Olympic snowpack jumps to 80 percent of normal seasonal depth
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Snow covers much of Rocky Peak and the Klahhane Ridge area within Olympic National Park on Thursday. — Keith Thorpe/Peninsula Daily News

By Rob Ollikainen
Peninsula Daily News

PORT ANGELES — A series of winter storms this month has dampened summer drought concerns, with Olympic Mountain snowpack back to near-normal levels.

Water content in the Olympic snowpack was 80 percent of normal Thursday, up from 24 percent Jan. 1 and 34 percent just three weeks ago, according to the U.S. Department of Agriculture's Natural Resources Conservation Service.

“It puts us a whole lot closer to being back on track,” said Scott Pattee, water supply specialist with the Natural Resources Conservation Service in Mount Vernon.

“Eighty percent? I think we can live with that. When we were 23 percent, it was a little scary.”

A persistent ridge of high pressure over the eastern Pacific Ocean resulted in an unusually dry early winter.

But a sequence of February storms raised a 50 percent statewide snowpack to 87 percent by Thursday.

Pattee said the summer water supply should be OK “if we can maintain what we have” in the mountains.

“The whole state is about the same,” he added.

Olympic Mountain snowpack is measured by the water content in the snow at three telemetry sites.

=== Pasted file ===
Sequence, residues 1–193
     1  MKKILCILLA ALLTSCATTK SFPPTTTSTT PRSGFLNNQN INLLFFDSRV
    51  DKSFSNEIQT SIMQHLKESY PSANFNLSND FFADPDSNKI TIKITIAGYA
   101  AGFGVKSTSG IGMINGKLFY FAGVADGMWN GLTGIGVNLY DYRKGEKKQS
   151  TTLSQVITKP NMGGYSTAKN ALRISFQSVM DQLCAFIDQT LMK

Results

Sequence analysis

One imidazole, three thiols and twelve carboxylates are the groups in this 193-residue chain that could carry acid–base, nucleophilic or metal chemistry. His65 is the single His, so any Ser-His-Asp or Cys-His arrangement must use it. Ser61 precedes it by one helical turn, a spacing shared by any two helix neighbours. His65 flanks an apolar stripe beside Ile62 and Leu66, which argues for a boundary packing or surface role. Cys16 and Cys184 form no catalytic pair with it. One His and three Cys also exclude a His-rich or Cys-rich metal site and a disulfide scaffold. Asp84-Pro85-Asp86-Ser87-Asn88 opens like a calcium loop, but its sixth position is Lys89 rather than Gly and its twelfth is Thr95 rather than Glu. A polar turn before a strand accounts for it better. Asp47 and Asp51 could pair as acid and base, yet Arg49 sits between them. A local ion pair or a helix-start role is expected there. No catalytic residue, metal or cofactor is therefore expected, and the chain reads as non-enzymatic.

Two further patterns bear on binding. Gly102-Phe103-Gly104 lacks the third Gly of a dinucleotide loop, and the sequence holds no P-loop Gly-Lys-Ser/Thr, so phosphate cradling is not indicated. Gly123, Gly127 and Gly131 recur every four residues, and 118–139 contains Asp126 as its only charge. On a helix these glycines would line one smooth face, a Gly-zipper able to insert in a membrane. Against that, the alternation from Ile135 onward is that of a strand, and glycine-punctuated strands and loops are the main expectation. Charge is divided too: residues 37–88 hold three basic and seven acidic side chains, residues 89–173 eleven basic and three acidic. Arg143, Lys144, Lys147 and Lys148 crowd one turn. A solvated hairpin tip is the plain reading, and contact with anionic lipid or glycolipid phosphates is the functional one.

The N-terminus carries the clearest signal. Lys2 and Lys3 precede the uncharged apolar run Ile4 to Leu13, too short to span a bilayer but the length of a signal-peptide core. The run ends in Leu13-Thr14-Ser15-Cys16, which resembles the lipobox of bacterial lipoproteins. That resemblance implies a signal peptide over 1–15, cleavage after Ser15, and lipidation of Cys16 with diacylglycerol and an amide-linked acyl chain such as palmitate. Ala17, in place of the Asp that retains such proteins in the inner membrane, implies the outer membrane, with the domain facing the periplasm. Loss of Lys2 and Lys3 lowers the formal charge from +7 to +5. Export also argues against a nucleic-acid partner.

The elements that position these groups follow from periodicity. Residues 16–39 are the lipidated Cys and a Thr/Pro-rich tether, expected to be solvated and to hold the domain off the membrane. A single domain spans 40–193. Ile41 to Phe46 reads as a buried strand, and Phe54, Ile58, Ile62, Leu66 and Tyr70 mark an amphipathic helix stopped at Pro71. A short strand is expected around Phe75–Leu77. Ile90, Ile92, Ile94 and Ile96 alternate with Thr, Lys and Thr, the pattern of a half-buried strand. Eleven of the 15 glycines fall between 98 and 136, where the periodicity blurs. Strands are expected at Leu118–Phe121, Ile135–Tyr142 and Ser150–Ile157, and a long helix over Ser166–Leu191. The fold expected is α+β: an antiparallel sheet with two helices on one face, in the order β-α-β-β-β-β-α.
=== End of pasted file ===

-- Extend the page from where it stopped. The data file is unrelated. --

The snow water equivalent was 130 percent of normal at the 4,010-foot snow telemetry site in the upper Dungeness River basin Thursday.

Snowpack was 82 percent of normal at the 5,010-foot Waterhole site near Hurricane Ridge and 62 percent of normal at the 3,960-foot Mount Crag site in East Jefferson County.

Normal is defined as the median snowpack between 1981 to 2010.

Although the 4,870-foot Buckinghorse site in the upper Elwha River drainage is too new for snow water equivalent averages, the telemetry station there recorded 65 inches of new snow in the past seven days, Pattee said.

Buckinghorse had 110 inches — or 9.2 feet — of snow on the ground as of Thursday morning.

Olympic National Park reported 98 inches — or 8.2 feet — of snow at Hurricane Ridge on Thursday with a high avalanche danger from the peaks to the treeline.

Hurricane Ridge Road is open Fridays through Sundays in the winter, weather permitting.

The rope tow and snowboard area were opened last weekend and are expected to be open this weekend.

The poma lift won't be open this weekend, because of a Snowcat breakdown, but is expected to open soon.

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Reporter Rob Ollikainen can be reached at 360-452-2345, ext. 5072, or at rollikainen@peninsuladailynews.com.

Last modified: February 20. 2014 9:30PM
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